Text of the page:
New child car seat rules in UAE
The new regulations require car seats sold in the UAE to pass crash tests.
The UAE Cabinet approved a new set of specificationsand standards for car seats sold in the UAE.
Dubai: Child car seat dealers in the UAE have less than six months to comply with a new set of standards and regulations that will come into effect by the end of this year, Gulf News can confirm.
On Tuesday, the UAE Cabinet approved a new set of specifications and standards for car seats sold in the UAE.
Proposed and formulated by the Emirates Authority for Standardisation and Metrology (Esma), the approved standards conform to European Union and US standards.
The step follows the amendments to the Federal Traffic Law that made safety seats mandatory for children under the age of four. The new law came into effect on July 1.
“We want to make sure people strap their children into the right kind of seats, that the seats carry out their purpose and that children are actually safe in them. Good quality seats are designed based on a specific science; they are not just pieces of plastic with some cushion,” said Al Muaini, elaborating that all child safety seats that don’t conform to Esma’s standards will be banned from sale from the end of this year.
The new regulations require car seats sold in the UAE to pass crash tests as well as have proper labelling and classifications for different age groups and weight categories.
“Our idea is to test all car seats imported in to the UAE and make sure they are up to the mark, particularly if there is an accident. The seats and their belts should be able to bear the impact of an accident and protect the child at a time when it matters the most,” he added.
He urged all manufacturers and importers of child safety seats to apply for Esma approval through the official website, www.esma.gov.ae.
“We have tied up with internationally accredited laboratories in different countries across the world and manufacturers and importers will get a list once they apply for approval. Import of seats will be allowed only if they pass a number of tests at our approved laboratories,” said Al Muaini.
The new regulations also require manufacturers to supply handbooks along with the seats that will provide clear instructions on the installation of the seat.
Al Muaini added that retailers will be required to demonstrate the installation procedure to their customers. The right product and the right procedures, he said, are key to child safety.
“According to statistics, many injuries to children are caused by having them wrongly strapped [into a child seat],” he explained.
Child seat distributors and traffic experts welcomed the move by Esma.
“The move to standardise child car seats is another great step in the protection of children. Only proper products should be used, and Esma’s step will certainly prevent unfit products for our kids,” said Thomas Edelman, founder and managing director of RoadSafetyUAE, a leading traffic safety advocate in the country.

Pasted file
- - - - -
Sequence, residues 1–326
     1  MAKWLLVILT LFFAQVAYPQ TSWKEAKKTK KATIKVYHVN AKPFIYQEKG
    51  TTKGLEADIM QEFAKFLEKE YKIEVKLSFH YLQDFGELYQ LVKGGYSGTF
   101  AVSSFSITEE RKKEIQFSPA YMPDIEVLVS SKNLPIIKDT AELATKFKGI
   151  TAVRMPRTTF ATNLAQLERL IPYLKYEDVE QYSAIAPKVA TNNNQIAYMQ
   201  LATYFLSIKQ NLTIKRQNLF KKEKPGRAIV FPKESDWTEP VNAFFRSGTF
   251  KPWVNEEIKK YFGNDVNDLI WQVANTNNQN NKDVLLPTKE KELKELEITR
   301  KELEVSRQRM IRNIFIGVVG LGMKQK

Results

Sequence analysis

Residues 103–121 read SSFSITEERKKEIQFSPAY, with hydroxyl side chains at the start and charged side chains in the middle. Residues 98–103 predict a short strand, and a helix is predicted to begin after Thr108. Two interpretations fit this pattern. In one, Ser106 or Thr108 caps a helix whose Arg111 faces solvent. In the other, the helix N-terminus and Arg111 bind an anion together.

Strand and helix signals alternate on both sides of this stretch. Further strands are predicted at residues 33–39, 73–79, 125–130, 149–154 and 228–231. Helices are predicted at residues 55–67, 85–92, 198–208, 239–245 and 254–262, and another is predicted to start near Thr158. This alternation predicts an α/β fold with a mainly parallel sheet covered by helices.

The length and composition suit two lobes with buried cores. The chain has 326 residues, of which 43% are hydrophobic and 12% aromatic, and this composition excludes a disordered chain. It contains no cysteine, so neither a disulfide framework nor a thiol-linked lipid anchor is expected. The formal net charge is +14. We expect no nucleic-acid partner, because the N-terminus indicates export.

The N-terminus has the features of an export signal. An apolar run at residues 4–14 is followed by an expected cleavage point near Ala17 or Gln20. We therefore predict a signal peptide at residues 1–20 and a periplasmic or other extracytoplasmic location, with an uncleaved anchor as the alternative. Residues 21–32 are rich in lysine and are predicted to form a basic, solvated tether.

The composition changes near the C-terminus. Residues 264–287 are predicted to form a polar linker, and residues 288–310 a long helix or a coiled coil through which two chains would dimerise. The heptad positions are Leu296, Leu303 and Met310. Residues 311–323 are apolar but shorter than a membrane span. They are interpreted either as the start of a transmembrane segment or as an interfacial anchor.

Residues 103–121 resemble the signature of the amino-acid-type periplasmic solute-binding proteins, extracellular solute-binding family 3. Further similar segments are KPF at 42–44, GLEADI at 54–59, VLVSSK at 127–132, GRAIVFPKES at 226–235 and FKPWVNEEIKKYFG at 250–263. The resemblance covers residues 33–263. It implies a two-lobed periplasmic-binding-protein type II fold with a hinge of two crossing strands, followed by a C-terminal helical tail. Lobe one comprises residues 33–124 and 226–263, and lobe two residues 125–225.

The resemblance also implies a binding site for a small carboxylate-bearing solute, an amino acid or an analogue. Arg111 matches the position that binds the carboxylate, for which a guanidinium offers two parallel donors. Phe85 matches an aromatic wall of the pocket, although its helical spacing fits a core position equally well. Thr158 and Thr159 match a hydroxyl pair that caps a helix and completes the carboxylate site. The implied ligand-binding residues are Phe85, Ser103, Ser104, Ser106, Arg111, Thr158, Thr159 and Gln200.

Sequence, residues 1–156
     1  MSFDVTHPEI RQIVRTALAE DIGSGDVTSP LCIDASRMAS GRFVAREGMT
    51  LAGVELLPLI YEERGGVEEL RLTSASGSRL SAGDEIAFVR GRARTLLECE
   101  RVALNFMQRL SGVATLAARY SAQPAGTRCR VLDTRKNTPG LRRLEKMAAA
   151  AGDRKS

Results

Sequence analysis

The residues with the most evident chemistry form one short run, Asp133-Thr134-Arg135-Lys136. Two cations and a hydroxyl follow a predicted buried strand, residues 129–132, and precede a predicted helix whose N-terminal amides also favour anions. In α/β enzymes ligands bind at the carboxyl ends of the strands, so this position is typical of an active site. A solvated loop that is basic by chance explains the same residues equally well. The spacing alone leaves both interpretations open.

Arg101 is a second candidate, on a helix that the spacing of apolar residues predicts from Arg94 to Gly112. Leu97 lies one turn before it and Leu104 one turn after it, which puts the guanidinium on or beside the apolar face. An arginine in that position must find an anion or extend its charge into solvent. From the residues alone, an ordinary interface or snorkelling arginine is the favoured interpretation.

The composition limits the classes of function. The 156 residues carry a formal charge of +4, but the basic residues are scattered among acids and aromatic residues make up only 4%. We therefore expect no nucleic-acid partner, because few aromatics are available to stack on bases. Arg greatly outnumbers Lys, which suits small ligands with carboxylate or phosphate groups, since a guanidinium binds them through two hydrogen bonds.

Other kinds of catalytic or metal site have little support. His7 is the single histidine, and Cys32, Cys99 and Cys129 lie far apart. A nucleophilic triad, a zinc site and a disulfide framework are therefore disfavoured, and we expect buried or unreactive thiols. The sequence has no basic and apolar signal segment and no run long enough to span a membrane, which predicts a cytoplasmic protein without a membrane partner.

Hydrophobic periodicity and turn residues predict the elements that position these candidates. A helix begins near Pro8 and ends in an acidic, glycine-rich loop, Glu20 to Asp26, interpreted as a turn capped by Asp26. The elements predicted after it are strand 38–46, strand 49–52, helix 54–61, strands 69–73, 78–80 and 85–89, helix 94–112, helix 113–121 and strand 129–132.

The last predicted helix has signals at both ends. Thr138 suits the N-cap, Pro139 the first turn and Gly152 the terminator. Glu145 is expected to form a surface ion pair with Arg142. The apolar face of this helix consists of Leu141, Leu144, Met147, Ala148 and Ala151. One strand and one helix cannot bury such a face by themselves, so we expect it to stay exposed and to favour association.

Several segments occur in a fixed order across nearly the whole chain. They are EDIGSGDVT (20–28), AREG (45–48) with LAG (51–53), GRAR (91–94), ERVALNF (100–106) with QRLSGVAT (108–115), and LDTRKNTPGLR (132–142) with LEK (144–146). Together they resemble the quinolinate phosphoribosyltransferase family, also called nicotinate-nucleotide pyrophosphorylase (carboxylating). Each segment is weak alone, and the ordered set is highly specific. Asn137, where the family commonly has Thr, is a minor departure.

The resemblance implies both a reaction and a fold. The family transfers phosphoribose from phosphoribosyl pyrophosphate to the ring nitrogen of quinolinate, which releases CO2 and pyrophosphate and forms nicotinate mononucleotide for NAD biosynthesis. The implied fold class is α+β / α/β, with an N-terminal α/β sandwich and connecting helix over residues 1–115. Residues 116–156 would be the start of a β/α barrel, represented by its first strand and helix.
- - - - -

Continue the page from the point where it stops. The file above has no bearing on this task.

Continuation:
“Also, parents must be educated about [choosing] the proper child seat. It is not about one seat fits all, it’s about using rear-facing child seats for babies, forward-facing child seats for toddlers and booster cushions for kids from the age of about four years onwards,” added Edelman.
Edelman agreed with Al Muaini on the importance of correctly buckling up a child in the safety seat.
“Quality baby speciality stores have trained staff to assist with the installation. As more than 35 per cent of the car seats are wrongly installed, it’s important to have your seat checked regularly by the retailer you purchased it from,” he said.
Hamid Reza Ahmadi, CEO of Babykish General Trading, the sole distributor of child safety products manufactured by Graco in the Middle East and Africa, said that a child’s posture in the seat plays a critical role in ensuring its safety.
“Accident or no accident, a child should be safe in the seat and for this, the right seat, correctly installed, is important. The design of the seat is also important because it ensures the child is properly settled in, and is assuming the right posture. Neck protection is particularly important as it could get hurt even with a small impact,” said Ahmadi.
He urged consumers to seek professional help in learning how to install and buckle up a child in the seat.
Global research shows that seat belts save 40 to 60 per cent of lives and in the case of children, up to 80 per cent of lives.
How the child seat works
An infant car seat is designed to protect a child in the event of a crash by forming a protective cocoon.
The seats for newborns are placed facing rearward so that a child will be pushed in to the seat on front-impact and the shell and inlay protect the spine and vital parts of the child.
The raised sides next to the child’s head form a ‘side impact protection system’ in the event of a side collision and prevent the child’s head from moving too much.
The seats belts restrain the child during the trip. They also strap the child in the safest position and hold them there in the event of a rear or side impact, just like the seat belts do for adults.
Child seats as per age and weight
Group 0 and Group 0+: Rear-facing infant carriers for children up to 10kg and up to 13kg, respectively (from birth to nine or 12 months).
Group 1: Child seats for children weighing 9kg to 18kg (about nine months to four years).
Group 2 and 3: Full booster seats and cushions for children weighing 15kg to 25kg (about three-and-a-half years to six years) and from 22kg and to 36kg (about six years to 12 years).
Source: Gulf News